There are poems and certain stories, specific lines from books, last lines, and I’ve read them countless times. I know what’s coming, and still, I come undone each time. Those lines that hit me like a bolt of holy lightning are reasons for living. This is what wakes me, gives me the strength to stand me up in the shower, and gets me ready to write. I feel alive for having read those words, and they continue to live in me. I make better choices on the page, and in my life, because I have been in this company.
If I read something and start to cry - which is often, or get a chill down my spine, or realize I’ve been holding my breath - I know that work means something. I admire a lot of work intellectually, but the work I love resonates with my body.
When I write, I let my body guide my mind. If something doesn’t work, I can feel it not working. There’s pressure or resistance, or my hands start looking for different words. My hands have more wisdom in them than my head. I often think I’m going to write one kind of story but end up writing another. I hope that that’s what I’m meant to be doing, that that’s what counts.
I don’t struggle with writer’s block as much as I struggle with the writer’s search. It’s an active experience. It’s a stumble most of the time, but it’s still movement.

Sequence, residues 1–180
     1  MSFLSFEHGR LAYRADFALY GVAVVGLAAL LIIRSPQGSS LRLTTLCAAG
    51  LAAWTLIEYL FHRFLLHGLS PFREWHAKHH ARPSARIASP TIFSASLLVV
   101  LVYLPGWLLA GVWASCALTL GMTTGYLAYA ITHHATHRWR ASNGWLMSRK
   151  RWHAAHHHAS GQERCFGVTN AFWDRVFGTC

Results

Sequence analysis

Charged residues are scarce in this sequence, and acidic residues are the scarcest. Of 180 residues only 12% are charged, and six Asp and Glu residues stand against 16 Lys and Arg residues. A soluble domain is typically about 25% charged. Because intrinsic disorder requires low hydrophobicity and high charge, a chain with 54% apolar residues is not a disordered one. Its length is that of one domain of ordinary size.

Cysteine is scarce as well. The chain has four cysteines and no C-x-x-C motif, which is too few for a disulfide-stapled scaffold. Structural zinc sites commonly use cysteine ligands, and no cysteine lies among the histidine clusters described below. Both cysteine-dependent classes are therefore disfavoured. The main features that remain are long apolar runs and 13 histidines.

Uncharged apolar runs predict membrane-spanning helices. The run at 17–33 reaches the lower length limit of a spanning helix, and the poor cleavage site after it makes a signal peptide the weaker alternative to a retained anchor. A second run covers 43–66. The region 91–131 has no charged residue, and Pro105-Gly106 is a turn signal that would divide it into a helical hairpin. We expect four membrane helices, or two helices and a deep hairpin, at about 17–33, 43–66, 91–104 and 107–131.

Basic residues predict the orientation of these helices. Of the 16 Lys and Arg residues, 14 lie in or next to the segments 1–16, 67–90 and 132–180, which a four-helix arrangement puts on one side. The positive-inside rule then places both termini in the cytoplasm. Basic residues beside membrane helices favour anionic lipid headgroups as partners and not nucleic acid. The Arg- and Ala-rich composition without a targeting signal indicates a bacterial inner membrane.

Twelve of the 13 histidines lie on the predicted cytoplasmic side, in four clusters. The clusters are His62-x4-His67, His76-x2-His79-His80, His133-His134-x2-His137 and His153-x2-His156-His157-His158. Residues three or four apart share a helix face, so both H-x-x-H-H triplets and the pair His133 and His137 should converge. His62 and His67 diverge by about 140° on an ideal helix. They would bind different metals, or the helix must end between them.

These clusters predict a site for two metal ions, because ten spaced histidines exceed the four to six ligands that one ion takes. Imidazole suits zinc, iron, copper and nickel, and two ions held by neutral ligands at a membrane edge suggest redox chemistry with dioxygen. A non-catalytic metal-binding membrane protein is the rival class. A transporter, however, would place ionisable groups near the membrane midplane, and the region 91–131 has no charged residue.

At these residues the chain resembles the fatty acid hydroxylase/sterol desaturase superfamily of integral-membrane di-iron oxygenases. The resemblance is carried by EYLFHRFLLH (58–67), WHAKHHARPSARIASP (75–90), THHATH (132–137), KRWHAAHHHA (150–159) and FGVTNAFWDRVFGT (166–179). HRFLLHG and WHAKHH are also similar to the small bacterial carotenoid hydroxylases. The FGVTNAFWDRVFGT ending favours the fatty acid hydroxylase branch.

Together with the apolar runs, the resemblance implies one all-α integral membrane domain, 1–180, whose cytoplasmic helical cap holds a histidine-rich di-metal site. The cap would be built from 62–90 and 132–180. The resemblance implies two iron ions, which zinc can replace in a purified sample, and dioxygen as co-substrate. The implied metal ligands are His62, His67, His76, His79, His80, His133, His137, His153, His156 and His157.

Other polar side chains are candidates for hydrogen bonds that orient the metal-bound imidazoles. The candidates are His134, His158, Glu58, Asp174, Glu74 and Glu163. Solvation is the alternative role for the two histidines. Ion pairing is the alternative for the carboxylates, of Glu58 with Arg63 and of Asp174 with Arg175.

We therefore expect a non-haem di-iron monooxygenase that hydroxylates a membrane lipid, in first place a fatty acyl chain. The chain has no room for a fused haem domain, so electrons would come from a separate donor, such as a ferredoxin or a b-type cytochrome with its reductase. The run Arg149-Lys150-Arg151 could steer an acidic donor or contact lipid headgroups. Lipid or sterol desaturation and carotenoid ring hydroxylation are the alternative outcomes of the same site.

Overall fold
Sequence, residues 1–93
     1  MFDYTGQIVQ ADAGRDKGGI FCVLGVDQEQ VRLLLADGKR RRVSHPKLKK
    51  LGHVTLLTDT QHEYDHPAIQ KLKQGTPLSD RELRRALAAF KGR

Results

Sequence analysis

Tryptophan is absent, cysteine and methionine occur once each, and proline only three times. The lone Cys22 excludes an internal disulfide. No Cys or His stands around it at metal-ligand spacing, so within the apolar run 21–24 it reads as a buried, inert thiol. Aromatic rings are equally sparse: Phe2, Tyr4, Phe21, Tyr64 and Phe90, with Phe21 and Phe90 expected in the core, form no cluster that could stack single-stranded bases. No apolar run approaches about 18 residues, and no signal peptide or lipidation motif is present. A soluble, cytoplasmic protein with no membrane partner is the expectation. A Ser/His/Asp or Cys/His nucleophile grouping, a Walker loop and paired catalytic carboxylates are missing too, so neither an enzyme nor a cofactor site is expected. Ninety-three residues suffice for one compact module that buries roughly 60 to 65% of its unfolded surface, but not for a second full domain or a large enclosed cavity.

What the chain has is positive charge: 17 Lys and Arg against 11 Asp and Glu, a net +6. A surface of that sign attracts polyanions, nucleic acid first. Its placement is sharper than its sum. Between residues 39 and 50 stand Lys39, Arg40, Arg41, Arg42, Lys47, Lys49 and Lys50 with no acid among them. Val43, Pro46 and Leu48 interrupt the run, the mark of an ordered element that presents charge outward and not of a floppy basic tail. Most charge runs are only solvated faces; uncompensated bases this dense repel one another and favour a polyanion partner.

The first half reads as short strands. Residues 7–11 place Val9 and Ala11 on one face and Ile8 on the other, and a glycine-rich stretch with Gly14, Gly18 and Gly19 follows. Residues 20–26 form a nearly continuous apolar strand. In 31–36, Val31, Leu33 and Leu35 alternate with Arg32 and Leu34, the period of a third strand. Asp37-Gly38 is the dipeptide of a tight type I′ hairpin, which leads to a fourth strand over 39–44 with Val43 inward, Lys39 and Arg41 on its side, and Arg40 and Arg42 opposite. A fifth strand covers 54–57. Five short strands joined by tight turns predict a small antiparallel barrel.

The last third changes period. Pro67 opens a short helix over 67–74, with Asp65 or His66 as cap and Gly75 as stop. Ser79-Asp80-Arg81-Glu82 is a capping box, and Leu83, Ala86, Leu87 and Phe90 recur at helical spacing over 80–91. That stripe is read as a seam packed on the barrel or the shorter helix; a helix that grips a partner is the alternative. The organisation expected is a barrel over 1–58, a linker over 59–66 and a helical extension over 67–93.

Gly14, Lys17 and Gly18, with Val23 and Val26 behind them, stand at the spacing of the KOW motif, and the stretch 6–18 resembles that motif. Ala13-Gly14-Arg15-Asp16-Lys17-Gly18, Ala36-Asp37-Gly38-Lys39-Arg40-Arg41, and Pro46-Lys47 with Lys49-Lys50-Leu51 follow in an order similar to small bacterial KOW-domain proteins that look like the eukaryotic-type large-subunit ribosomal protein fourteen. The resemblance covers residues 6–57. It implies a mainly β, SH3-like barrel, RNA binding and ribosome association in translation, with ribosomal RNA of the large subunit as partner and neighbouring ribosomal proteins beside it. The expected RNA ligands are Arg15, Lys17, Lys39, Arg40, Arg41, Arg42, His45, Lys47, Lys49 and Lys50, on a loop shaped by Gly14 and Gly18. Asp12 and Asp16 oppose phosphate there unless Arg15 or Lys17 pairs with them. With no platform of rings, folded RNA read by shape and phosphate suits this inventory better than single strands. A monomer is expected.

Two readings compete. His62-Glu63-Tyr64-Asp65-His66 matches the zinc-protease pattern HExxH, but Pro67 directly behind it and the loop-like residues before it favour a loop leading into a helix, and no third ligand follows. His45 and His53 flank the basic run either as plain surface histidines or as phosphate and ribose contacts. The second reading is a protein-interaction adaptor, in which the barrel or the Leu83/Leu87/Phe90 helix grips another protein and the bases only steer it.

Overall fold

I live in this mix of grief and joy, and somehow, in the end, there’s this astonishing note of grace. Something magical happens when you’re mixing the humor and the horror, and if you’re lucky, it yields something altogether otherworldly. You could close the book of my life on this chapter, and it’d still be six miracles stacked on top of each other.
There was a period where I moved seven times in four years, and I would often drive to the wrong apartment, house, or take the wrong interstate home. Once, after getting out of the hospital, I fell out of the backseat onto the pavement, and my roommate practically had to carry me up the stairs. I was pretty messed up and wasn’t stumbling as much as tumbling home. I love that nautical term, “tumblehome”. I love what it means; that place at the bow of a ship where the water cuts to one side or the other and prevents the bow from flooding.
I grew up on the Atlantic; I learned how to swim in riptides and undertow currents. I remember the first time I brought someone from the West Coast to the North Shore of my favorite island, and how they let go of my hand as I dove full speed into the surf.
That’s what home feels like - something you still run to.